Title page for ETD etd-11162010-193532


Type of Document Dissertation
Author Allen, Kim M.
Author's Email Address kallen2@richmond.k12.va.us
URN etd-11162010-193532
Title THE PERCEPTIONS OF CAREER AND TECHNICAL EDUCATION (CTE) TEACHERS ON THE INFLUENCE OF CTE ON STUDENT ENGAGEMENT
Degree Doctor of Education
Department Educational Leadership and Policy Studies
Advisory Committee
Advisor Name Title
Cash, Carol S. Committee Chair
Creighton, Theodore B. Committee Member
Tripp, Norman Wayne Committee Member
Twiford, Travis W. Committee Member
Keywords
  • student engagement
  • industry certification
  • Career and Technical Education
  • Vocational Education
  • disengaged student
Date of Defense 2010-11-04
Availability unrestricted
Abstract
Allen Abstract

Learning in school requires active engagement. Student engagement is an important aspect for all students, whether urban, suburban, or rural, and regardless of socioeconomic background. Students enter Career and Technical Education (CTE) programs for a multitude of reasons and CTE programs offer unique support for student success by increasing student engagement. This study will focus on CTE teachers' perceptions of the influence that CTE programs and industry credentialing have on student engagement.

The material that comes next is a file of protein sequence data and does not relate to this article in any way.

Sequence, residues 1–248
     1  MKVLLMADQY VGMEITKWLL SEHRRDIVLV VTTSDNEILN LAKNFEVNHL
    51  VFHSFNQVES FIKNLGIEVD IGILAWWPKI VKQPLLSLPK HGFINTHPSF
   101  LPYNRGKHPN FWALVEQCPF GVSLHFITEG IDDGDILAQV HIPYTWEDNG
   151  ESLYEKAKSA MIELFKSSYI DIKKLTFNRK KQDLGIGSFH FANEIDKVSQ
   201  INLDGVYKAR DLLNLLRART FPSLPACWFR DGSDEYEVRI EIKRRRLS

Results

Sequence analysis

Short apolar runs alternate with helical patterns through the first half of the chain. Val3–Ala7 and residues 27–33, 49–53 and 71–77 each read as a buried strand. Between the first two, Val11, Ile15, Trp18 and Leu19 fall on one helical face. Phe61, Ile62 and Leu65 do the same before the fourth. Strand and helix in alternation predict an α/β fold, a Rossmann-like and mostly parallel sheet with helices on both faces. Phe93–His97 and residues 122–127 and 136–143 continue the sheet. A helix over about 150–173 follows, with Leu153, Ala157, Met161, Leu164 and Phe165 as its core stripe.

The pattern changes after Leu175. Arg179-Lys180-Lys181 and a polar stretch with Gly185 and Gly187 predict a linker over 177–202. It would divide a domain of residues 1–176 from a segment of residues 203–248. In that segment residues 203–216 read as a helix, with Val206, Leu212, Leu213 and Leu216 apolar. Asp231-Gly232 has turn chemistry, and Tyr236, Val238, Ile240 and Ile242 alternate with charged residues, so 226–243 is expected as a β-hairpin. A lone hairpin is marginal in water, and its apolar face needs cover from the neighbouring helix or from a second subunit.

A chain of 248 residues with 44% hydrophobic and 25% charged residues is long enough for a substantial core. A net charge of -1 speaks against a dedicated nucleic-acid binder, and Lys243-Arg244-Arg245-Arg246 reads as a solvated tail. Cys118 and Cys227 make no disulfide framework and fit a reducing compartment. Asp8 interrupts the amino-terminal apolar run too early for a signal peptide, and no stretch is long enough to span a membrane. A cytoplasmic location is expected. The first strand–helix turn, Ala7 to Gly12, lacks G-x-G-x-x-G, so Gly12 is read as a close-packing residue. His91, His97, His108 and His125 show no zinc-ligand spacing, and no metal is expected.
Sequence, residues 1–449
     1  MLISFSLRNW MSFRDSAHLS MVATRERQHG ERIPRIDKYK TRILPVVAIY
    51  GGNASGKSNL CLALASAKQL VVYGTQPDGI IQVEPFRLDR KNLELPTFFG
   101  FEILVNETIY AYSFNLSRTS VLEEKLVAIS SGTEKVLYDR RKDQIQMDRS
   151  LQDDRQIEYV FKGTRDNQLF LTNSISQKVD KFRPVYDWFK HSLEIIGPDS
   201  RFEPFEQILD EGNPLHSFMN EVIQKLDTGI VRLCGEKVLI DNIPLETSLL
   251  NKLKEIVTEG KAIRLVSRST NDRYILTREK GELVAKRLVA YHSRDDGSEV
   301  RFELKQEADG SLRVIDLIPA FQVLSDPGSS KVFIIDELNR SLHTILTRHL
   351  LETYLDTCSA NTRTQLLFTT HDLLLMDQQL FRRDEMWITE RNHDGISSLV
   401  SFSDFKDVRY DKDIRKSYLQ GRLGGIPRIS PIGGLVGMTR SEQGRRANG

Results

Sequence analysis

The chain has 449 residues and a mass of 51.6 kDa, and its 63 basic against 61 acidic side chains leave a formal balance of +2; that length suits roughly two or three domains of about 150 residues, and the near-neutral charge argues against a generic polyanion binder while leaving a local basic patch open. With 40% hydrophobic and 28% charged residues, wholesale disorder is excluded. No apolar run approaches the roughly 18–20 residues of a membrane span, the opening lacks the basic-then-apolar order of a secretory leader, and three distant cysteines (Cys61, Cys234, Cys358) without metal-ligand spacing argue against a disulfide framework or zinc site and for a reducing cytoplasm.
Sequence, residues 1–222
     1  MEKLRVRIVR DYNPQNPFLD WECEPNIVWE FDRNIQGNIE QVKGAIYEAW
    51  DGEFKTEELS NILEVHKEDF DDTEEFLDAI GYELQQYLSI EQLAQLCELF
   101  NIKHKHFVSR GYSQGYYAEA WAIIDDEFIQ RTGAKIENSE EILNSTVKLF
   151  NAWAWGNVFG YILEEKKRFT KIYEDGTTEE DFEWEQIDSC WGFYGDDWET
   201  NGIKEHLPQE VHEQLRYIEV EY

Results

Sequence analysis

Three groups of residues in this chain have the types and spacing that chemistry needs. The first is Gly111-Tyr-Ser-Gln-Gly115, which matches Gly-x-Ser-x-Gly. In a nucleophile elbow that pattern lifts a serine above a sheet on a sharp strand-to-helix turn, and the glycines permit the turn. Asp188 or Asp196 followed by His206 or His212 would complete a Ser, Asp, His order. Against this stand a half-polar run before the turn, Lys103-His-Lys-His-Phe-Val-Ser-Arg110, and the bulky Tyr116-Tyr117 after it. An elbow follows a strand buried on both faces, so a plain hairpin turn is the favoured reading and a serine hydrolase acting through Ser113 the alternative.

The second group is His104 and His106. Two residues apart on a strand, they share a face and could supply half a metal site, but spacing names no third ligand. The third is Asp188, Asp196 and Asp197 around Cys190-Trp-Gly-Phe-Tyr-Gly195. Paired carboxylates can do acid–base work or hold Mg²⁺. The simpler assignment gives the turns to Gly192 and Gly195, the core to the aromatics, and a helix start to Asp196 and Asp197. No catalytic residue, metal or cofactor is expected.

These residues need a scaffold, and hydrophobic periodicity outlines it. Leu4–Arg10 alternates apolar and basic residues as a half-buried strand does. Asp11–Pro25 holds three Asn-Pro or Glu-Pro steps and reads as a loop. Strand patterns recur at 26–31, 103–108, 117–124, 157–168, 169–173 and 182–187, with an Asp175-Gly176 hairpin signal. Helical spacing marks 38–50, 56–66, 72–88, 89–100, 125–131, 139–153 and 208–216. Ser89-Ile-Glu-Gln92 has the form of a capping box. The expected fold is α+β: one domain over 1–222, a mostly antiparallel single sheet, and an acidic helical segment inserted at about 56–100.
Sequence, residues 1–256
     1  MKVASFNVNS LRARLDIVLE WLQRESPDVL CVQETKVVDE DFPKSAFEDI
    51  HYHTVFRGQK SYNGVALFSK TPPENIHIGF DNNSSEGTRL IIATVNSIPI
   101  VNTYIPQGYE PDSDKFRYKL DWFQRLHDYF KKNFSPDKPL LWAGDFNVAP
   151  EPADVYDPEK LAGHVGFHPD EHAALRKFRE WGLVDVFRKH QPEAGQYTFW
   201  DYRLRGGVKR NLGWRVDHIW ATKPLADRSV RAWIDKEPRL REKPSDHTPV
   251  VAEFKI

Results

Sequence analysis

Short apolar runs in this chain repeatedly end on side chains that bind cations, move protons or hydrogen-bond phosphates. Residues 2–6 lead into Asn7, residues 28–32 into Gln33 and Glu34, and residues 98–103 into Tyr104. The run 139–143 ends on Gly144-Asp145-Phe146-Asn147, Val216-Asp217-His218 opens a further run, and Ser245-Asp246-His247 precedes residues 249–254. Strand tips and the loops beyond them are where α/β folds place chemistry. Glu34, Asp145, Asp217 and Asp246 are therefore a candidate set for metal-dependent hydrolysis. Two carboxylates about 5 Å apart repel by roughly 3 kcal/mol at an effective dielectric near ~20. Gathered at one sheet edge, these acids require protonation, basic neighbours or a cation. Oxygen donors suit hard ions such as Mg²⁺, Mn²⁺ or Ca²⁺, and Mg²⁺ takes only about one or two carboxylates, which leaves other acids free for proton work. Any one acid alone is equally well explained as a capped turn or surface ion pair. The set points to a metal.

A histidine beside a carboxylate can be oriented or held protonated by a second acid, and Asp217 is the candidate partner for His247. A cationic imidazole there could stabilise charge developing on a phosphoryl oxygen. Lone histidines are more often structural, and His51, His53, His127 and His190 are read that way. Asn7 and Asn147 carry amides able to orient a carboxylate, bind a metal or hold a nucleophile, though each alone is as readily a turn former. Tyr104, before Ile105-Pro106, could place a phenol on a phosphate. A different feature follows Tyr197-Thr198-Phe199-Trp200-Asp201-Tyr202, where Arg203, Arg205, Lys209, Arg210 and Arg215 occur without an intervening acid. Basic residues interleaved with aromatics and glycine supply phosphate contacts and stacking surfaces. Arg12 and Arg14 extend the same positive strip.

Utilizing information on student engagement will help educators develop strategies to promote student motivation and student engagement, thus leading to student academic success. This study is a quantitative, descriptive statistical study in which the researcher examined studies that focused on student engagement and student engagement predictors. The research identified six qualities of student engagement: positive conduct and absence of disruptive conduct, school attendance, academic progress, social membership, high expectations in students' ability to achieve, and emotional support. The researcher developed a survey to examine teachers' perceptions of CTE influence on student engagement by including the six qualities of student engagement as guidelines for questionnaire development.

Results of the survey indicate that CTE teachers identify all six domains of student engagement as represented within their course structure. Responses of all groups were similar, while their levels of industry involvement different. Additional results of all teacher responses are provided in the paper

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